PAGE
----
AMN From the Ashes (Again)
When it finally came down to it, the City Council's decision last Thursday to advance the Austin Music Network next year's budget of $200,000 made barely a blip on the radar -- it was pretty much wham, bam, give 'em the cash, ma'am! That's not to say that the weeks, days, and hours leading up to the vote didn't have their share of dramatic moments. The previous week's Austin Music Commission meeting had unveiled a contigency plan in case the city didn't approve the advance, resulting in angry claims from current AMN management that the implied no-confidence element of the plan (running archive tapes from the AMN library until a new management plan could be effected) had caused the channel to lose a lucrative contract with a major beer company.
The sometimes outright hostile mood of previous meetings was replaced on Thursday with one of cordiality, however. Apparently, it has sunk in at last that the pipe dreams of Melchior, the council, and everyone else who was lulled into overconfidence in the chambers during previous visits realized that: a) There's no miracle solution that will suddenly make the Music Network a subsidy-free project; and b) nevertheless, it's an endeavor worth continuing despite some cost to the taxpayers. "It's clear that you've built up a tremendous amount of goodwill, and you've got a lot of very good friends," said Council Member Bill Spelman, responding to Melchior's declaration that there was a groundswell of support among the music community for the struggling AMN. "Now you just have to make the difficult decision that all politicians have to make," said Spelman. "How do we turn all these good friends into cash?"
How indeed? Daryl Slusher suggested that the key to AMN's success would be "more fundraising and financial support from the music community," with Melchior recently announcing plans for benefits for the station at local clubs. He also tells me that a spot on AMN generally costs around $25, not including your original production costs. A little simple math says that at that price, the station needs to sell less than one-fifth of its available commercial time to reach its monthly budget of $75,000. That's still around 3,000 half-minute slots to fill, but at a price that even a medium-level band could afford, which makes being in the black at least seem like a possibility.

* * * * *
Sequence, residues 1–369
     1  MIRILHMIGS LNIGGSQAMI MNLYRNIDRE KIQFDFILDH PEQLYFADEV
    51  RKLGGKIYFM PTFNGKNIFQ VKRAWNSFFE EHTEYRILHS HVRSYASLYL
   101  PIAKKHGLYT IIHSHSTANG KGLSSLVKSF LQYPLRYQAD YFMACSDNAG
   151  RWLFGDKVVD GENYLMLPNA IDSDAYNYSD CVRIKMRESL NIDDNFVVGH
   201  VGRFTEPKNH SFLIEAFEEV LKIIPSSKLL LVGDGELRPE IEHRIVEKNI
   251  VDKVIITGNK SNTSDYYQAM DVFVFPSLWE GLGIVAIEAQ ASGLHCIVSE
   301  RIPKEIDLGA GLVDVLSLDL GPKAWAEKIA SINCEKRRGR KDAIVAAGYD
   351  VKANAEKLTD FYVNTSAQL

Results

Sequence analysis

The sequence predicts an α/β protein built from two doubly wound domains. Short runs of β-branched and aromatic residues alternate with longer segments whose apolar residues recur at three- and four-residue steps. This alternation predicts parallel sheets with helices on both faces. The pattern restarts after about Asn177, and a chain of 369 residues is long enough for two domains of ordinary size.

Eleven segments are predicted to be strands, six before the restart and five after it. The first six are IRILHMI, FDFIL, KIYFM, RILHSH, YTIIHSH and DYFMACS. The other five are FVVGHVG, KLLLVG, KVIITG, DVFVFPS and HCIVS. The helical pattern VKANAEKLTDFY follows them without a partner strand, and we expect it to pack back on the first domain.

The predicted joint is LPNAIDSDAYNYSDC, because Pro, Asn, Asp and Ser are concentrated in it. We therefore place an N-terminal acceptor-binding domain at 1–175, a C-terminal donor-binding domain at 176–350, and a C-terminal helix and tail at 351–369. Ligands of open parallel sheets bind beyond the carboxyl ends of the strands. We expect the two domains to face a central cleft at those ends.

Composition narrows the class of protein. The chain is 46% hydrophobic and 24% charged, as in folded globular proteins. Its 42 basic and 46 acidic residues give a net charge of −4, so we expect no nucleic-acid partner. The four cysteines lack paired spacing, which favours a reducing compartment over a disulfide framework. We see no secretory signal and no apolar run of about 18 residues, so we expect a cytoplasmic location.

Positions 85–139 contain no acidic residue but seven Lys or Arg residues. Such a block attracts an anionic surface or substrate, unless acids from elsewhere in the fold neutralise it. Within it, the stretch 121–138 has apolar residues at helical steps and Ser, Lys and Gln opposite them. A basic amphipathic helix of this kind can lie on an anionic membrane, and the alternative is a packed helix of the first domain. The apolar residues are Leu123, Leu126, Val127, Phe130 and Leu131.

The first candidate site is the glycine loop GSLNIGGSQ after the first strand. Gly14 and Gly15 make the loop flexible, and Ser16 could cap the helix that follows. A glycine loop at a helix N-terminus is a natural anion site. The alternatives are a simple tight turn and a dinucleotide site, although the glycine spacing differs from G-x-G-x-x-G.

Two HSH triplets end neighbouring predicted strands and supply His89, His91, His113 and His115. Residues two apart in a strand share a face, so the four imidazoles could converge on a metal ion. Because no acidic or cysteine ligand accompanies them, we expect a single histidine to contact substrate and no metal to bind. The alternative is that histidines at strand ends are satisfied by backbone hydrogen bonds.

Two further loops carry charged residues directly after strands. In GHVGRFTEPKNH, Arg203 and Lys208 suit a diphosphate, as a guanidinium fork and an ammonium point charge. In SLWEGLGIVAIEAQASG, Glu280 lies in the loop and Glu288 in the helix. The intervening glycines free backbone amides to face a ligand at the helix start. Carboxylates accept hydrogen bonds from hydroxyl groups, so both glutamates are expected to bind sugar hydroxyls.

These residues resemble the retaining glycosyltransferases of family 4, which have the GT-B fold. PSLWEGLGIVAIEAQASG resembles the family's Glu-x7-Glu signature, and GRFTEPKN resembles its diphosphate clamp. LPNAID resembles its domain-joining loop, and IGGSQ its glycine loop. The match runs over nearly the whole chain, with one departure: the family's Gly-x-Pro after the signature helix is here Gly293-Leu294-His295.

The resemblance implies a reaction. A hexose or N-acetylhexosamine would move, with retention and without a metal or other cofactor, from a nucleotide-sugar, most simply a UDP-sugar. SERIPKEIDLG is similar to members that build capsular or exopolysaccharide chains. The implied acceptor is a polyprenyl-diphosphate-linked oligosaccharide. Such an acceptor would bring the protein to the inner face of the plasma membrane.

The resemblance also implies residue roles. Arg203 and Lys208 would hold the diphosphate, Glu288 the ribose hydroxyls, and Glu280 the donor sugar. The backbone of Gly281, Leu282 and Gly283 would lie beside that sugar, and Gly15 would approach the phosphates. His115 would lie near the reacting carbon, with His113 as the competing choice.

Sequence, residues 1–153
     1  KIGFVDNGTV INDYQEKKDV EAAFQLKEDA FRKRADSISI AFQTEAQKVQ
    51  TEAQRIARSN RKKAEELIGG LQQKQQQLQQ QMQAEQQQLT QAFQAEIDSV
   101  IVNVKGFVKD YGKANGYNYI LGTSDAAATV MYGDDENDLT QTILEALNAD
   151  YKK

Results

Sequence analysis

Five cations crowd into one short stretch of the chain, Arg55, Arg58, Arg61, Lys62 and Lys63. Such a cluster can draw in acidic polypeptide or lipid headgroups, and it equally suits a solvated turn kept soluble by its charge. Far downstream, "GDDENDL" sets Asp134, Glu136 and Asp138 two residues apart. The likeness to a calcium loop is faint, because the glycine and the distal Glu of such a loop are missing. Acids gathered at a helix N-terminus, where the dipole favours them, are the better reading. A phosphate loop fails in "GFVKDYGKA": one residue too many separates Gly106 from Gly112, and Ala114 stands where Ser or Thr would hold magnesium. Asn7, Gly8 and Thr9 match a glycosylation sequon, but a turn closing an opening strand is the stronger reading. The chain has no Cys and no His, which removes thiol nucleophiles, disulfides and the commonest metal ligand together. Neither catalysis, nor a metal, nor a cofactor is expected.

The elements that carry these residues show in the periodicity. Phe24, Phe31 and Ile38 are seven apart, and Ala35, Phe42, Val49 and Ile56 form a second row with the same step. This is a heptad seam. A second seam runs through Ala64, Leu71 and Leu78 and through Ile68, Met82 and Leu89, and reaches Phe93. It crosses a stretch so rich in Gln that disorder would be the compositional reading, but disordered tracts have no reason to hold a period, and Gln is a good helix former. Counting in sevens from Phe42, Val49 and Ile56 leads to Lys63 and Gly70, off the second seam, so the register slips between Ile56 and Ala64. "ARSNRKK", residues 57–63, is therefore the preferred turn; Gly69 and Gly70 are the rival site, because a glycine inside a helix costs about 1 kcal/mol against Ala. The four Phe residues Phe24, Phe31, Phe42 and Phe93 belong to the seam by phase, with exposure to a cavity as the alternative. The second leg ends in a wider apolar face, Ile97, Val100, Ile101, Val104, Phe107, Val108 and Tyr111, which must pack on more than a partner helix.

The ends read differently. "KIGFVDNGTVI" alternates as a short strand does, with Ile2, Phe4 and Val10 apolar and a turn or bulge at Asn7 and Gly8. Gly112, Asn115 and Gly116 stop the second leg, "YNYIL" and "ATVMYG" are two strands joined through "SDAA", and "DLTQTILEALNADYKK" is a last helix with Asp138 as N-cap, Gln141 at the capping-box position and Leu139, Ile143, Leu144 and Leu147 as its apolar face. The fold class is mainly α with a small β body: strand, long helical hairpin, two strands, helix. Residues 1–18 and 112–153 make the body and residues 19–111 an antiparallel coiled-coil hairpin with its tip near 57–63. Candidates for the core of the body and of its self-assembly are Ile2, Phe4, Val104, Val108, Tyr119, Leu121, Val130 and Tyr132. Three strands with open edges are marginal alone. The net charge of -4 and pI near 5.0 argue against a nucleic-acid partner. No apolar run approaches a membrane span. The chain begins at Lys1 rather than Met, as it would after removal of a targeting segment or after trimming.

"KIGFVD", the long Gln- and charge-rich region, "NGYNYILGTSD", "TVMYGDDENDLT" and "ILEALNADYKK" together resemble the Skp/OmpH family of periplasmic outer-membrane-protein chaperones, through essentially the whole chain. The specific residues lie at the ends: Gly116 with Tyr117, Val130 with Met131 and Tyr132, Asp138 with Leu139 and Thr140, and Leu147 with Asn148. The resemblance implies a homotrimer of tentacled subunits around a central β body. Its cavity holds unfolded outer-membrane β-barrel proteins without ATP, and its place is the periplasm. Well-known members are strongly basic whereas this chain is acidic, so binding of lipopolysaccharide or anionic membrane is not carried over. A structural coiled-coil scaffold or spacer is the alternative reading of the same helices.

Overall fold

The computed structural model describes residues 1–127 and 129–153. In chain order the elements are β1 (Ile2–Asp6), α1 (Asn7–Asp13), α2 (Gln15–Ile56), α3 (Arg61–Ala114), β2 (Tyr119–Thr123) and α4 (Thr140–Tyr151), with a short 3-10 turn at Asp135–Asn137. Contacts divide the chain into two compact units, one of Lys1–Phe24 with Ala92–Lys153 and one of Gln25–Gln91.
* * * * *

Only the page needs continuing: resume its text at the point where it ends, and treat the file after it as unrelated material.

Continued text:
Among My Souvenirs
Another lineup change for 8 1/2 Souvenirs? Yep, drummer Adam Berlin says he's been "fired very unceremoniously," explaining that guitarist Olivier Giraud pulled a surprise "coup" on him after more than five years of playing with the band. Further, Berlin says he has hired a lawyer to seek a settlement in what he sees as his unfair dismissal. ESP Management, which handles the Souvs, say they have no comment on that situation and are not sure whom the band has chosen as a replacement, though a friend of the group identifies their latest acquisition as sometime Glover Gill Trio player Rob Kidd. Souvs management also declined to address rumors that the band will be re-releasing their debut album for an unprecedented fourth time, with new drum tracks added, under the title Happy Kick.
The Souvenirs have survived losing members before, including former keyboardist Gill, who left last year to concentrate on his other band, Tosca, and sadly, Gill was just dealt some losses of his own, as his home was burglarized Friday night/Saturday morning. His accordion, bird watching binoculars, eightball cane, and the gearshift knob from his lavender Malibu were stolen, while cash, stereo, and a pile of CDs remained untouched. A representative for costumed crimefighter Batman told the Chronicle that the thefts were almost certainly clues to a larger, more insidious crime.
Dawson's Creek scripter/Cupid creator Rob Thomas tells me his old band Hey Zeus will be playing a reunion show at Cafe on the Square in San Marcos on Saturday with fellow period piece group Second Glance opening. Zeus also plans to record a new song with John Croslin for a best-of compilation CD, he adds. Thomas netted an $8 million contract in the wake of Cupid's reign as the lowest-rated show on ABC, so you'd think he might hire some bass player with a smaller income (Mike Judge, perhaps?) to fill in on four-string while he sits back in the audience drinking absinthe from ladies' shoes. Such is not the case, so any and all of you with fond memories of these two bands from Austin's late-New Sincerity era may want to take the trip to San Marcos for the gig.
Jake Andrews is celebrating his new Time to Burn CD at Waterloo Records Friday, 5pm, and at Antone's that night, before heading out with George Thorogood and then doing 15 dates with Chris Isaak this summer. NBC also used the title tune "Time to Burn" on a recent NBA game...
Those poor Stretford bastards can't win. With that new album finally out, the band hasn't even been able to play since SXSW while waiting for their sax player to recover from minor surgery. They finally have a gig at the Red Eyed Fly next Wednesday. Meanwhile, former Stretford trumpeter Bill Jefferies shows off his new comic book The Mini Store and his new band Blefuscu at FringeWare this Saturday...
--Contributors: Raoul Hernandez, Andy Langer, Margaret Moser